The only way to lift socialisation’s blinders is through exposure to different ways of being. We open our eyes to new possibilities by meaningfully engaging with societies radically different to our own. And we shake our sense of cultural superiority with active contemplation and debate of our ways in relation to those of others. This is how the strangeness of our society is revealed to us and how social change can happen.

Just how profound can this change be? In their recent bestseller, ‘The Dawn of Everything’, David Graeber and David Wengrow argue that it was precisely these dynamics that catalysed the 18th century conceptual revolution of Western thinking on social organisation that came to be known as the ‘Enlightenment’.

Why was it, they ask, that while living under the absolute monarchy of Louis XV, French intellectuals were asking questions about the origins of social inequality? Naturalised inequality (e.g. the divine right of kings) was all they knew, so how did it occur to them that social inequality might have emerged from a primordial state of equality?

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Don’t let partial views of human nature obscure our innate capacity to address the environmental crisis

During the vortex of climate debate around Glasgow’s COP26, I was struck by a depressing consensus reached by some of the UK’s most prominent environmentalists: humans are innately destructive and psychologically inept when it comes to tackling the climate emergency.

In his keynote address to world leaders, Sir David Attenborough solemnly asked, “Is the smartest species doomed by that all too human characteristic of failing to see the bigger picture in pursuit of short-term goals?”. His hope lay, not with our capacity to live within planetary boundaries, but with the combination of our “smartness” and the ever-increasing immediacy of climate change impacts jolting us into action.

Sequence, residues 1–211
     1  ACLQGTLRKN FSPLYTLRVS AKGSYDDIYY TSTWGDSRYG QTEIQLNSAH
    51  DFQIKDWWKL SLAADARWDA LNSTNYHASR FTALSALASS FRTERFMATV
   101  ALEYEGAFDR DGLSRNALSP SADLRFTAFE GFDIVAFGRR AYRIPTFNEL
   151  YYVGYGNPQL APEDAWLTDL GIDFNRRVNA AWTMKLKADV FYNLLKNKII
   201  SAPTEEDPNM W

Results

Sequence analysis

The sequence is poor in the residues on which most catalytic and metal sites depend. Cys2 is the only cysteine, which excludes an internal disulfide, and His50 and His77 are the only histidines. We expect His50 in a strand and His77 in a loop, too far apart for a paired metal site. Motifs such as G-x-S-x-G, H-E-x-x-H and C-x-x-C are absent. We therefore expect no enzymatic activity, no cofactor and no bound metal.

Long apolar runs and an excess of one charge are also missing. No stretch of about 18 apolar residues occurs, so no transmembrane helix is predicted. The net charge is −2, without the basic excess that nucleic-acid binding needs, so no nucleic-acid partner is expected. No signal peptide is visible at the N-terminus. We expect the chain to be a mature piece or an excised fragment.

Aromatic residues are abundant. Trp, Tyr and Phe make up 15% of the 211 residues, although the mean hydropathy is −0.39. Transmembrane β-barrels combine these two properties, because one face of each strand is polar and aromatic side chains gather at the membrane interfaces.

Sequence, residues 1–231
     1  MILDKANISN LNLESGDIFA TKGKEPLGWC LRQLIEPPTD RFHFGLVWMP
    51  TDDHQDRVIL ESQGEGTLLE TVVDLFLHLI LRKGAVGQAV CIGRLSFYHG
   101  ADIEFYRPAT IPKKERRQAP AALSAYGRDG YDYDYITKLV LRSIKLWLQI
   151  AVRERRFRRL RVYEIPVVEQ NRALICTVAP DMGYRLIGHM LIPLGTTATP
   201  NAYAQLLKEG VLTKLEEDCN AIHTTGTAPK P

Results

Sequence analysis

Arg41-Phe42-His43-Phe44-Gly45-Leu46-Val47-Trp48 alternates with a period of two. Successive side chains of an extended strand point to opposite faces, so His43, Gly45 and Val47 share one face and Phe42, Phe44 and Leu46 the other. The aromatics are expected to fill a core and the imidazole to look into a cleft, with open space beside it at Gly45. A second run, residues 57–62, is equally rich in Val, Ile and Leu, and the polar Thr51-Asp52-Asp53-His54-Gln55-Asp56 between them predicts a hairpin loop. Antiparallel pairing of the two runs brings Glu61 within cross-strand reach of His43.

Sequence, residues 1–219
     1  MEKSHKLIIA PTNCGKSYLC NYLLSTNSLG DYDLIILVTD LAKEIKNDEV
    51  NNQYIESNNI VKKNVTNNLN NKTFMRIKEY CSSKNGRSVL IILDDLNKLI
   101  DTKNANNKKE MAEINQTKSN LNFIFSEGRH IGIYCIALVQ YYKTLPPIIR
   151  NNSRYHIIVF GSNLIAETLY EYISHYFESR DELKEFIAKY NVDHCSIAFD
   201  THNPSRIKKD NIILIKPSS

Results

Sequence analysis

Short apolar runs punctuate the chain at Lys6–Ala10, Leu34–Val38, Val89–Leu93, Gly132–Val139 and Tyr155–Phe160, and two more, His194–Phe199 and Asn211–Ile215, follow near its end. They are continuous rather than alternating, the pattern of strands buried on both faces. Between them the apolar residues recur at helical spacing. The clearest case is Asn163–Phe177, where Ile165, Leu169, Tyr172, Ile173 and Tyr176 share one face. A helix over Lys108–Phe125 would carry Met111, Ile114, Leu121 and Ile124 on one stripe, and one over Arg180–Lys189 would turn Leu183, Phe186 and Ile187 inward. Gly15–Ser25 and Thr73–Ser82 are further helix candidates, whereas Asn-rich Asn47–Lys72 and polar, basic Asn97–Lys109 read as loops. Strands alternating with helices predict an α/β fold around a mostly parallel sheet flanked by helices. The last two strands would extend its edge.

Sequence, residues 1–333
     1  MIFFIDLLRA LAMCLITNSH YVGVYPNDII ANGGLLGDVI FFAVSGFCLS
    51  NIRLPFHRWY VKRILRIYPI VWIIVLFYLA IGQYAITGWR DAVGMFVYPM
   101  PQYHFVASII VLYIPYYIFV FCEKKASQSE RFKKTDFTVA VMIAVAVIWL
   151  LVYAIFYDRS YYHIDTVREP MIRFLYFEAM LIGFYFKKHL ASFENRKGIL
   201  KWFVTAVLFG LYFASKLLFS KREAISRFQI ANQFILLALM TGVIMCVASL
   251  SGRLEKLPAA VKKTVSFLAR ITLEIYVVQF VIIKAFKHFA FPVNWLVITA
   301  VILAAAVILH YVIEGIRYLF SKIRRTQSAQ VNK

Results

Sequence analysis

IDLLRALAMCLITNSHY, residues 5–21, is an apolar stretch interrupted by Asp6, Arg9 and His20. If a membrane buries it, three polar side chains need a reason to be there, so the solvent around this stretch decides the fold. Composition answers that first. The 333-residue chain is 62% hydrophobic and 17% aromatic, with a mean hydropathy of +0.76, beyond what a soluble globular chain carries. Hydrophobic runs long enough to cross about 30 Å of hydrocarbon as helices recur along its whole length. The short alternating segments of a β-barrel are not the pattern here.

And shortly before the start of COP26, environmental campaigner George Monbiot painted an even grimmer picture of our special deficiencies:

“There is a myth about human beings that withstands all evidence. It’s that we always put our survival first. This is true of other species. When confronted by an impending threat, such as winter, they invest great resources into avoiding or withstanding it: migrating or hibernating, for example. Humans are a different matter.

When faced with an impending or chronic threat, such as climate or ecological breakdown, we seem to go out of our way to compromise our survival. We convince ourselves that it’s not so serious, or even that it isn’t happening. We double down on destruction, swapping our ordinary cars for SUVs, jetting to Oblivia on a long-haul flight, burning it all up in a final frenzy.”

For anthropologists, whose field of study is the diversity of human societies on the planet, sweeping statements about what humans are or are not leave us feeling queasy. That’s not to say that generalisations can’t be made, just that when making them we must consider “humanity” in its fullest sense. And when we use this principle to scrutinise the claims made by our esteemed green campaigners, they simply don’t hold up. Missing from their conceptions of “the human” is a huge chunk of humanity – the 2.5 billion people of Indigenous and local origin – recognised by the United Nations-Indigenous Peoples and Intergovernmental Panel on the Biodiversity and Ecosystem Services (IPBES) for their harmonious connections to land and the natural world.